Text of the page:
Wednesday 24 April 2024
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NHS bosses discuss ‘grim’ state of access to NHS dental services in Nottinghamshire

Health leaders have described the state of access to NHS dental services in Nottinghamshire as ‘grim’ following an assessment by public health experts.

The report by NHS England in the Midlands says the pandemic had a “considerable impact” on dental services and the long-term effect on oral health is “a cause for concern”.

The Nottinghamshire County Health Overview and Scrutiny Committee discussed the issue at its meeting on March 28.

The report by NHS England shows Nottinghamshire currently has 109 general dental practices.

NHS England representatives also attended the meeting, where leaders discussed recovery plans for dental services post-pandemic.

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Councillors unanimously agreed at the end of the meeting to send a joint letter to Nottinghamshire MPs requesting support in reforming the current NHS dental contract.

Chair of the committee Cllr Sue Saddington (Con) said: “We wanted you to come to explain why people out there cant get dental appointments.

“We all meet people who pull their own teeth out and stick Blu Tack in – horrendous things.”

Caroline Goulding, Head of Primary Care Commissioning for the East Midlands, said: “Being completely transparent, dentistry was challenged before the pandemic in respect of access.

“The pandemic has significantly worsened that. Access to dentistry not just in Nottinghamshire but across the East Midlands is not where we want it to be.

“The team are doing everything we possibly can, there is a huge amount of work nationally to try to address bigger contractual issues.

“In Nottinghamshire, we are working at around 87 per cent restored pandemic activity.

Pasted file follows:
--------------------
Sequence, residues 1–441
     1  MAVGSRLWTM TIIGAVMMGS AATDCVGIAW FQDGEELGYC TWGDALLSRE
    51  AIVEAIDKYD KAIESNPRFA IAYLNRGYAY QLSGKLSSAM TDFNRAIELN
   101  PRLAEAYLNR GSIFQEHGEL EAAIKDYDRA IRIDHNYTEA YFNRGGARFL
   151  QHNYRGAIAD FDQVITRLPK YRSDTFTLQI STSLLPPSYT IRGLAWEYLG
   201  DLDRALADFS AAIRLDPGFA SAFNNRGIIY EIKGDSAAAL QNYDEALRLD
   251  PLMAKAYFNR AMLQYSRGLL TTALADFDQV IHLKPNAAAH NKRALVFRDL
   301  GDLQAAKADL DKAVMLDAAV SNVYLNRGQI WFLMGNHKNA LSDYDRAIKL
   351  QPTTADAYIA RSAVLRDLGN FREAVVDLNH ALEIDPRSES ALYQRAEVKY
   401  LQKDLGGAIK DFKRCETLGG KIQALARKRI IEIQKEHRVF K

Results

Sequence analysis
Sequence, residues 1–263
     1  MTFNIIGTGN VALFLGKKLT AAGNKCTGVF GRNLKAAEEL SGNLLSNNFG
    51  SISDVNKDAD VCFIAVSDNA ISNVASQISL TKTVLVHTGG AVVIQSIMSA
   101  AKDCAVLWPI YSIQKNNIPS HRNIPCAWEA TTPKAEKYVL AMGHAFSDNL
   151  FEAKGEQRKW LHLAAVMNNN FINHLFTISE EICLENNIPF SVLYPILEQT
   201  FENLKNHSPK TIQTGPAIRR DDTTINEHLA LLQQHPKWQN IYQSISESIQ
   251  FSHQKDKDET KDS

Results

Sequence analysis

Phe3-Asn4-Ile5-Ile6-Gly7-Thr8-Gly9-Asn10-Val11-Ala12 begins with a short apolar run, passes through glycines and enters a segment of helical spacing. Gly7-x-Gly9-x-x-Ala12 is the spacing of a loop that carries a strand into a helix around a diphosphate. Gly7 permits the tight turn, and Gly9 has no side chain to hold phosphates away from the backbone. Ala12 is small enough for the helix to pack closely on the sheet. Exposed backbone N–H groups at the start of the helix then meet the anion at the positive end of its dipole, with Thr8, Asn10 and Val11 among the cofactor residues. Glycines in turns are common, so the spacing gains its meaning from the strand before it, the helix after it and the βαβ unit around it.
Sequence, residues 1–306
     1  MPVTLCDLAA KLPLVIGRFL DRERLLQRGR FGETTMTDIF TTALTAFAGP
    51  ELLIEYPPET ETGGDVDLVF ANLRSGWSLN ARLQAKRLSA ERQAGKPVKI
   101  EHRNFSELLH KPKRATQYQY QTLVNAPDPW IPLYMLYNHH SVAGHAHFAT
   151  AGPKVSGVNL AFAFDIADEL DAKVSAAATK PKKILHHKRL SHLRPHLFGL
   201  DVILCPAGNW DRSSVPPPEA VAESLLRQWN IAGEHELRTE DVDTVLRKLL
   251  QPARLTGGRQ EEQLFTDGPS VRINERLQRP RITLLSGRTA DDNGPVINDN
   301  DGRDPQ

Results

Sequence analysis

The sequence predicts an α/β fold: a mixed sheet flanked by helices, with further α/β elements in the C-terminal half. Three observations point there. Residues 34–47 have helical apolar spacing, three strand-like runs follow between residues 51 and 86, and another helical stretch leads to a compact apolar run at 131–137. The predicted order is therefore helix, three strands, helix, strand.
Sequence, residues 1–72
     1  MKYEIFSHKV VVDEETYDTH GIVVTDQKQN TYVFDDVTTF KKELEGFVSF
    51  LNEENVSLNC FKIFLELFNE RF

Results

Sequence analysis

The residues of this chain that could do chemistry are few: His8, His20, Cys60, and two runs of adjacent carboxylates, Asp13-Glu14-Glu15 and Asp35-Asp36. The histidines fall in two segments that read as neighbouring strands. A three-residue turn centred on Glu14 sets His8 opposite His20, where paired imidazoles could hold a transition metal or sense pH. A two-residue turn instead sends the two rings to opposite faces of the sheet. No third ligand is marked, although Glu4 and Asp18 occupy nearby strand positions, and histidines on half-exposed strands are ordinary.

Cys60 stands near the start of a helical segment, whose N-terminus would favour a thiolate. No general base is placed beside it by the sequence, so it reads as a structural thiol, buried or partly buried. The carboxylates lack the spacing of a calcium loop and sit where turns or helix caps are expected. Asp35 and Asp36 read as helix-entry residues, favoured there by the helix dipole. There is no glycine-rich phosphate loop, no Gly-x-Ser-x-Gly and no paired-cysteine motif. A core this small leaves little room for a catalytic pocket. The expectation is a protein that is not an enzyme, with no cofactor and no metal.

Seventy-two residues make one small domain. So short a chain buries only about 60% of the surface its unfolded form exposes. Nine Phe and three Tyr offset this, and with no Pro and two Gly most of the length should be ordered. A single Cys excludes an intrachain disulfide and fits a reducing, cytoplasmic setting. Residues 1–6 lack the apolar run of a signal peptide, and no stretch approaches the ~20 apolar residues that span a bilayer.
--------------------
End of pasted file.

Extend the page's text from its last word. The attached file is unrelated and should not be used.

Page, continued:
“We feel that by the end of the financial year of 2024, we will have restored all activity from pre-pandemic.

“We are aware that there are huge swathes of the population that we need to access.

“It’s grim, I’ve got to be honest, with all the MP letters and patient complaint letters. We are doing everything we can within our scope to improve it for patients.

“My team investigate every single complaint with clinical advisers.”

Cllr Saddington said: “You’re saying the waiting lists will take two or three years to come down, people will have rotten teeth by that time.

“It isn’t acceptable that people are in pain and can’t get an appointment.”

Claire Hames, Commissioning Manager, East Midlands, said the team has commissioned weekend sessions for over 300 patients.

It has also secured funding for dedicated Urgent Care slots during surgery opening hours.

Two practices in Hucknall and Mansfield are also offering an additional 25 urgent care slots per week.

Measures are in place to deal with increasing backlogs – in Nottinghamshire two NHS practices have been contracted to provide 140 additional appointments at a cost of £70,000.

Nottingham city and Nottinghamshire councils have also been awarded £150,000 towards oral health improvement activities.

Another scheme called the ‘Golden Hello’ scheme intended to improve recruitment and retention among dentists will see payments of up to £15,000 for each new eligible full-time dentist within East Bassetlaw.